60 per cent of China underground water polluted: Report

People line up to buy cartons of bottled water at a supermarket after reports on heavy levels of benzene in local tap water, in Lanzhou, Gansu province, on April 11, 2014. Sixty per cent of underground water in China which is officially monitored is
People line up to buy cartons of bottled water at a supermarket after reports on heavy levels of benzene in local tap water, in Lanzhou, Gansu province, on April 11, 2014. Sixty per cent of underground water in China which is officially monitored is too polluted to drink directly, state media have reported, underlining the country's grave environmental problems. -- FILE PHOTO: REUTERS

BEIJING (AFP) - Sixty per cent of underground water in China which is officially monitored is too polluted to drink directly, state media have reported, underlining the country's grave environmental problems.

Water quality measured in 203 cities across the country last year rated "very poor" or "relatively poor" in an annual survey released by the Ministry of Land and Resources, the official Xinhua news agency said late Tuesday.

Water rated "relatively" poor quality cannot be used for drinking without prior treatment, while water of "very" poor quality cannot be used as a source of drinking water, the report said.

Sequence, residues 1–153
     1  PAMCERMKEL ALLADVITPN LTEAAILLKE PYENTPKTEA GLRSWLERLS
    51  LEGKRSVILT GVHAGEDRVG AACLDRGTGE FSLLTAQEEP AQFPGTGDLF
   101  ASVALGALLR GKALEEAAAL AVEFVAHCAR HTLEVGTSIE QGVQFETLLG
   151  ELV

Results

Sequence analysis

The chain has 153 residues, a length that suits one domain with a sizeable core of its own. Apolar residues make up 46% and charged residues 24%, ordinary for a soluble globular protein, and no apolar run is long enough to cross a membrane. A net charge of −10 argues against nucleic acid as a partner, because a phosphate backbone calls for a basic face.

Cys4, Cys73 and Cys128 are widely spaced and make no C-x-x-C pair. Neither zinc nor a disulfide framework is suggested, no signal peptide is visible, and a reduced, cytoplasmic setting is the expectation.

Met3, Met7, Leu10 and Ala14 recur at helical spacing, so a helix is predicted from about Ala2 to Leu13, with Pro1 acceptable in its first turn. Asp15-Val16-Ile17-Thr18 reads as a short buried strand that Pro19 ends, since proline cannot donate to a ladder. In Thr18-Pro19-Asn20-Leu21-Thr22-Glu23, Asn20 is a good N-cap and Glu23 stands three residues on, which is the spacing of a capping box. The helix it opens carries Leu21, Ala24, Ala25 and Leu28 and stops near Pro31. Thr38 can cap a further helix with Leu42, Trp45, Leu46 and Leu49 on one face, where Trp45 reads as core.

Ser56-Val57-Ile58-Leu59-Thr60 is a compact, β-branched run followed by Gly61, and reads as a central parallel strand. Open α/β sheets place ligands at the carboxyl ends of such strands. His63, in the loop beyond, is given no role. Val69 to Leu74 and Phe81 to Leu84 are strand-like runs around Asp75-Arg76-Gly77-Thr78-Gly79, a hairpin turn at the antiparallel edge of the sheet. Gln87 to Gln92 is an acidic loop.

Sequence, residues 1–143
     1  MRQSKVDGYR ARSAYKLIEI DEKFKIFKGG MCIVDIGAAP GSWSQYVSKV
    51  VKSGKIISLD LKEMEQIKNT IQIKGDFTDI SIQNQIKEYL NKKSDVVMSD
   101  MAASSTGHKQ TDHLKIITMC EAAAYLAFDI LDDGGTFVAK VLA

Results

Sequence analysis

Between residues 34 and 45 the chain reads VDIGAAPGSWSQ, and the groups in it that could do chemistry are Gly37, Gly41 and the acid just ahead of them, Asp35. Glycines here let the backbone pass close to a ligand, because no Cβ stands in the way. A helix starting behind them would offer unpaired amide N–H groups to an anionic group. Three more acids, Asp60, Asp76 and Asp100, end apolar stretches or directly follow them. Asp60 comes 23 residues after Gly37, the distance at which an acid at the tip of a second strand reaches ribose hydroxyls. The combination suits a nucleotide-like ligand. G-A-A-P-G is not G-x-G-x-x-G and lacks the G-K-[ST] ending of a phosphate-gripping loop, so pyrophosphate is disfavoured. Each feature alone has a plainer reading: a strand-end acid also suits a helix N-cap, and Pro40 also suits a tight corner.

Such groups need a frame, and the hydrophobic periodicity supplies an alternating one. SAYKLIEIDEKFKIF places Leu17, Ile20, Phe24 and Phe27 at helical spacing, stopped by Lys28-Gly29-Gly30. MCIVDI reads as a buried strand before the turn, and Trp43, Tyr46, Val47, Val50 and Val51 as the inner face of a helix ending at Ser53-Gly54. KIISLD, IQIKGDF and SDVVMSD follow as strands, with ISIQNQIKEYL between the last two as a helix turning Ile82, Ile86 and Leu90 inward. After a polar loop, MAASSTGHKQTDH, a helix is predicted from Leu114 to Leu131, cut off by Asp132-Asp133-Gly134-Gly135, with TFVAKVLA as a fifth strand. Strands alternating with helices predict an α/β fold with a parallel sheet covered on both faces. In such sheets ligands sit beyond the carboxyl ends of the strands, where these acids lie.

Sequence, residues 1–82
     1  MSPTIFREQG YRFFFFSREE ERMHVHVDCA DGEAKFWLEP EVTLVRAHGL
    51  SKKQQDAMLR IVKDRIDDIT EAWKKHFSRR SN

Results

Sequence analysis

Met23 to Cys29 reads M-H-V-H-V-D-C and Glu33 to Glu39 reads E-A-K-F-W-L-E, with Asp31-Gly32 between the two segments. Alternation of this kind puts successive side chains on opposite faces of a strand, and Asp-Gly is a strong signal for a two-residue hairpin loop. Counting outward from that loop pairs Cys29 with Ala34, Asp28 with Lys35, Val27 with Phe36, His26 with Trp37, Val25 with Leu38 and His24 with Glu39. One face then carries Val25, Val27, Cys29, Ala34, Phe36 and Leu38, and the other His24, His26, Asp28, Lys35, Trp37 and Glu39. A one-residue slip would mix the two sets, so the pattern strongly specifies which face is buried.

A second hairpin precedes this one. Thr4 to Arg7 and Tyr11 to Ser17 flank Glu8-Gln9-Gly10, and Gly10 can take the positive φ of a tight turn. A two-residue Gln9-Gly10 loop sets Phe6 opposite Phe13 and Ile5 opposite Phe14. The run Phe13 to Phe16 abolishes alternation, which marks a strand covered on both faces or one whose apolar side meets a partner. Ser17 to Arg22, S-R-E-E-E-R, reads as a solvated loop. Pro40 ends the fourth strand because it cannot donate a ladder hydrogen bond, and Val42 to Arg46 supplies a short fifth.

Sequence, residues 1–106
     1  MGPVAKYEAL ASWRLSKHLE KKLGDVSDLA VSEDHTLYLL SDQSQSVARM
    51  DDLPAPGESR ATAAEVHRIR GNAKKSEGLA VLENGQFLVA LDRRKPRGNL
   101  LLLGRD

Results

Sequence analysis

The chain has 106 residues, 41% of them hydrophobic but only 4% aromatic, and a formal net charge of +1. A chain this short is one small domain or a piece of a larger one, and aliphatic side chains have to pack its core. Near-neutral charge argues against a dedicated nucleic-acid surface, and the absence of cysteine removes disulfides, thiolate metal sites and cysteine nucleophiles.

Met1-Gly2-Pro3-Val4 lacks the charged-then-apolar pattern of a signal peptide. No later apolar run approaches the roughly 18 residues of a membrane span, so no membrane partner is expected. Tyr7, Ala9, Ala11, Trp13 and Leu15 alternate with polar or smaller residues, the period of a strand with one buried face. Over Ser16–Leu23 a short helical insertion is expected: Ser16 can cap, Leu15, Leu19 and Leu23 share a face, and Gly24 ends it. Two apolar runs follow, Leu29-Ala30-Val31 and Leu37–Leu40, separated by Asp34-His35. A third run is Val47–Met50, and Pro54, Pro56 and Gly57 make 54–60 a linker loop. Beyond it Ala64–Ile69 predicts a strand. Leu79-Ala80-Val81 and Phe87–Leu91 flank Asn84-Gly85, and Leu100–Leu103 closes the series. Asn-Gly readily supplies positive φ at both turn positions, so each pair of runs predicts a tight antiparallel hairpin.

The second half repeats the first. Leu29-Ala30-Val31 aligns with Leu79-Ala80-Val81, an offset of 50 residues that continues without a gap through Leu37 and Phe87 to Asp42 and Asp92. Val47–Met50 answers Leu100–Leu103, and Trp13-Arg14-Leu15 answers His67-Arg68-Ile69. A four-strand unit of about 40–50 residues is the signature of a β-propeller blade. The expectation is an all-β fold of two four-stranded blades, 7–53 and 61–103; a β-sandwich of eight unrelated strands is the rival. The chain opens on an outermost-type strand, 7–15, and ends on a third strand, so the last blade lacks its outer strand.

The proportion of water not suitable for direct drinking rose from 57.4 per cent from 2012, it said.

China's decades-long economic boom has brought rising environmental problems, with large parts of the country repeatedly blanketed in thick smog and both waterways and land polluted.

Pollution has emerged as a driver of discontent with the government, sparking occasional protests.

China's environment ministry last week estimated that 16 per cent of the country's land area was polluted, with nearly one fifth of farmland tainted by inorganic elements such as cadmium.

Premier Li Keqiang announced in March that Beijing was "declaring war" on pollution as he sought to address public concerns, but experts warn that vested interests will make it difficult to take action.

Many Chinese city-dwellers already avoid drinking tap water directly, either boiling it or buying bottled supplies.

Residents of the western city of Lanzhou rushed to buy mineral water earlier this month after local tap water was found to contain excessive levels of the toxic chemical benzene, state media reported at the time.

A subsidiary of the country's largest oil company, China National Petroleum Company, was blamed for the incident after oil from one if its pipelines leaked into the water supply.

The Lanzhou government also came under fire for reportedly failing to notify locals of the pollution for several days after becoming aware of it.